After a 9 hour flight, I was standing restlessly in a long line to clear immigration at Heathrow airport. Lost in thoughts about catching the connecting flight to Edinburgh, at first I did not notice the tug on my sleeve. Sensing that someone was behind, I turned around to see a lady looking at me. She was evidently in her late 50’s with numerous wrinkles on her face suggesting earlier hardships. In a low voice she gently requested me to fill up the immigration forms for her husband and herself. Hastily she added that neither she nor her husband could read or write any language, as they were from rural Nepal. It is then that I notice the shy gentleman standing quietly behind her. It occurred to her, as I glanced at my wife, that an overwhelming majority of the husbands do the same. I requested her for her travel documents for the details. They had arrived by the Qatar Airways flight on a Nepalese passport with a return ticket to Kathmandu dated 15th July 15 – a month later. I recalled that I had felt the first tremors of the earthquake in New Delhi while I was booking my hotel reservations for my stay in Bath. What a coincidence.
It was obvious that they would have trouble communicating with the immigration officer, so I asked them to stand in front of me. When their turn came, I deftly accompanied them to be their interpreter. Numerous questions followed and together we were able to answer them successfully. Or putting it more accurately, the lady provided the answers with a resolute look and a firm voice. I looked towards the husband a number of times with great empathy. She was definitely the decision maker in the family.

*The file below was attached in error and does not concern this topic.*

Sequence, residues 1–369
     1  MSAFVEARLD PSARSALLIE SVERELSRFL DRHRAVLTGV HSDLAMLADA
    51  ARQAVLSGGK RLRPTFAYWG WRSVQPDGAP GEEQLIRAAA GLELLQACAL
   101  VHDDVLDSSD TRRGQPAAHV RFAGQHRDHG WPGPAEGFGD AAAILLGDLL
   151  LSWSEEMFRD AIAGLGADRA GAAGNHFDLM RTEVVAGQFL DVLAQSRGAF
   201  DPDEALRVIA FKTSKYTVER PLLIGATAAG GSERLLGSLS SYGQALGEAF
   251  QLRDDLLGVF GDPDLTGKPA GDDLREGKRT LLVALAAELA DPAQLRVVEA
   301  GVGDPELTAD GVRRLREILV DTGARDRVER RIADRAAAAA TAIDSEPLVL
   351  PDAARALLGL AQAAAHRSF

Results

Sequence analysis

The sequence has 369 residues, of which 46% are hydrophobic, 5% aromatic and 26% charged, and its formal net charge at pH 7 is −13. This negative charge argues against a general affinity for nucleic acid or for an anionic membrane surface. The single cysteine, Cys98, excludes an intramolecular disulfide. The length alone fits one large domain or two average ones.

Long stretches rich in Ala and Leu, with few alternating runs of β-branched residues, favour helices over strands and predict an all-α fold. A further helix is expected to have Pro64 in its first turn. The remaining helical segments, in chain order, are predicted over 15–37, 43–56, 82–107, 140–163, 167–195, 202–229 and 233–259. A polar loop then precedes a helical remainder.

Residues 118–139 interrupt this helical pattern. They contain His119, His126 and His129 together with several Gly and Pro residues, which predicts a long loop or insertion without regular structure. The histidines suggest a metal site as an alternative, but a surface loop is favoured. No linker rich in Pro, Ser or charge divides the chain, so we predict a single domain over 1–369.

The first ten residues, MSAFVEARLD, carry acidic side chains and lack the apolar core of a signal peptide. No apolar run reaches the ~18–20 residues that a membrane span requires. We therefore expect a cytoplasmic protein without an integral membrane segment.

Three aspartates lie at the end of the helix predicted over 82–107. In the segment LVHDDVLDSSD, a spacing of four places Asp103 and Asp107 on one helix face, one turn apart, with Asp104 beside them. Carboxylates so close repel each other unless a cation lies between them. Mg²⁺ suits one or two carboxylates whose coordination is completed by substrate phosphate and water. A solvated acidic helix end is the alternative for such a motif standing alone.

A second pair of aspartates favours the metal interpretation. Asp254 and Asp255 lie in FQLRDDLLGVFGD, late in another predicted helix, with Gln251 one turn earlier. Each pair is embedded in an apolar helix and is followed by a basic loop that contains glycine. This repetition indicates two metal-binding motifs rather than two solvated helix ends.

Why have you come to UK? asked the officer.
They had arrived to attend the wedding of their daughter answered the lady handing over the wedding card for his examination
Do you have return tickets? He asked.
They had return tickets to go back to Kathmandu answered the lady handing over the copy of return ticket.
What if their daughter was not outside to receive them? he was suspicious.
They looked at the officer with disbelief – after all such things did not ever happen in their society. Who would give away the hand of the daughter but the parents??!
But what if she did not receive them? Did they have money to stay in a hotel? persisted the officer
GBP 600 in various denominations were proudly counted and handed over to the officer.
The officer looked at me carefully and then asked if I knew them from before?
Holy Molly No! I am just assisting them to make it easier for the officer and the couple to complete the immigration formalities.
He smiled at me and asked them to proceed out of the immigration area. I asked them to wait for me just beyond.
I joined them shortly thereafter & accompanied them for their baggage claim. We searched the baggage claim area but could not find their red suitcase. I had to catch my connecting flight and the rest of the family was waiting me to join them. So after a few minutes of clarifying & getting the reassurances from the gentlemen at baggage claim department, I left them to find their lost baggage.
My wife was impatient by then and I feared the worst.
‘Your daughter has forgotten her phone in the aircraft’ she said before walking off in a huff with the daughter. I was relieved but the daughter looked distraught………afterall there is no life without What’s app and selfies!
It was gratifying to help someone who desperately needed some in a strange land. But what struck me was the resilience of the couple and their struggle to raise money for the trip – whatever be the reason. The determination to handle a long journey to a strange land with a strange language and culture.
There were few lessons for me
- don’t crib just because life gets a bit difficult at times, others have bigger challenges.
- count your blessings every day for the privilges you have.